Yep, you read that right. If you love both antique and futuristic architecture, then Valencia is the place for you. Here's everything you need to know when planning your trip to this unique and exciting city!
Spain is definitely one of Europe's tourist hot spots. And for good reason! Have you seen pictures of Barcelona? Or better yet, spent a day or two exploring that vibrant city? As a volunteer with International Language Programs, you'll have plenty of vacation time to visit many of these dreamy destinations. So if you're planning a trip to Barcelona or Madrid, don't forget about this other amazing city that is just a few hours down Spain's coastline.
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Valencia is still one of the least touristy cities in Spain, so if you're looking for something different than what everyone else is doing but that is equally incredible, this is a city you need to experience! It's definitely on our list of places to visit in Europe if you're looking for alternatives to the super duper popular cities. And Valencia still has everything you could hope for in a weekend vacation! In fact, you might be surprised by just how much there is to cram into a short day or two. Sandy beaches, cobblestone streets, unique architecture, and fascinating museums are the perfect recipe for the ideal trip.
Pssst: Check out Valencia's tourist card and see if it's a good deal for what you're trying to do. The 24 hr pass includes free access to public transportation, discounted tickets to some of the main museum, plus loads of other discounts, even to local restaurants! Just something to think about.
What To Do There
Ciudad de las Artes y las Ciencias
This ultra-modern complex is the City of Arts and Sciences, and you could honestly spend an entire day just here. It consists of six striking, white buildings that are overflowing with things to see and do, so how much you're able to experience depends on how much time you have. These four listed below are particularly popular and enjoyable for visitors! All six buildings are usually open from 10 am to 6 pm, but it depends on the time of year, so you'll have to double check before you go.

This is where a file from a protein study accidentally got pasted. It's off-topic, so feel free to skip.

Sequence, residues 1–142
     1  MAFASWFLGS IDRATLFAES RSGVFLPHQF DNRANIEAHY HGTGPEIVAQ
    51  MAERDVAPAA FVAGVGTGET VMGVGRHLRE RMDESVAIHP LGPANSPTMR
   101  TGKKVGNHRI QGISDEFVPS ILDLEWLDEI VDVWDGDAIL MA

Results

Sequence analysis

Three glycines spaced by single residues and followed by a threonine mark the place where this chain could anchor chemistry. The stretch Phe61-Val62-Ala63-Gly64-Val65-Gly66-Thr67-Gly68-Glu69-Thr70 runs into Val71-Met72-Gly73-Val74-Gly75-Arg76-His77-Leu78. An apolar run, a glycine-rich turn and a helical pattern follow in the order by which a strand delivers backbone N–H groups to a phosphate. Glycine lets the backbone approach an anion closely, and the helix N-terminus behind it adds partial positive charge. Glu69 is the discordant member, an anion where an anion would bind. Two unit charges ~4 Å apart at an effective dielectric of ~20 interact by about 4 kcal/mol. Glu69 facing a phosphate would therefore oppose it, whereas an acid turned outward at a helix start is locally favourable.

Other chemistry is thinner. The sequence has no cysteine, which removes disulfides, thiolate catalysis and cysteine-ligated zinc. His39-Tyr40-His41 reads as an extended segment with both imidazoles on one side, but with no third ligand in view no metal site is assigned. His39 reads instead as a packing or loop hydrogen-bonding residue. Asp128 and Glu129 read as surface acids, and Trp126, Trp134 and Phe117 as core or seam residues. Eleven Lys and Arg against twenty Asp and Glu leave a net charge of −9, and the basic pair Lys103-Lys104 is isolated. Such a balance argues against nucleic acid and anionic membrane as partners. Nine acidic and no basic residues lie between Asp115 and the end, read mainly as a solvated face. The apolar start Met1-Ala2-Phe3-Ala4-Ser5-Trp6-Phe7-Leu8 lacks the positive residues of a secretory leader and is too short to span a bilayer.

L'Oceanogràfic: Europe's largest aquarium, should be your first stop. There are almost 500 different species inside, from oceans and seas all over the world, and you'll need at least a few hours to experience the 7 different marine-life exhibits in this aquarium. Tickets are about $35, the most expensive entrance fee of any building in the complex.
Hemisfèric: This building was constructed to look like a human eye. Here you can watch educational films about phenomenons in outer space and on earth in the gigantic IMAX cinema. Tickets are about $9.
Museu de les Ciències Príncipe Felipe: The interactive science museum has many exhibits and experiment rooms, where the goal is to inspire curiosity and creativity. Their motto is, "“Forbidden not to touch, not to feel, not to think”. Tickets are about $9.
Umbracle: This is technically the parking lot, but is also home to stunning gardens! Make sure you take a few minutes to step out onto the Art Promenade, a balcony where sculptors created by contemporary artists are often exhibited. Entrance is free.
Jardin del Turia
This is one of the biggest city parks in Spain, and is the ideal place for a picnic, or even just to sit and rest your feet for a bit. If you decide to walk it, you can honestly cross through the entire center of Valencia without passing a single car. It is over 5 miles long and runs between many of Valencia's most famous landmarks, including the City of Arts and Sciences on its eastern edges. Definitely a slice of paradise you don't want to miss.
So, the main thing you need to know about this place is that when it was completed in the early 1900s, it somehow ended up looking more like a modern cathedral than your average indoor market. It's literally full of colorful tiles, stained glass, and domes to let in all the natural light! Imagine doing your weekly grocery shopping in a place like that. The stalls are primarily full of food for sell, so it's a great place to stop and get everything you need for a picnic lunch or afternoon snack.
Hours: Open Monday through Saturday from 7 am to 3 pm.
Address: Plaça de la Ciutat de Bruges, s/n, 46001 València, Valencia, Spain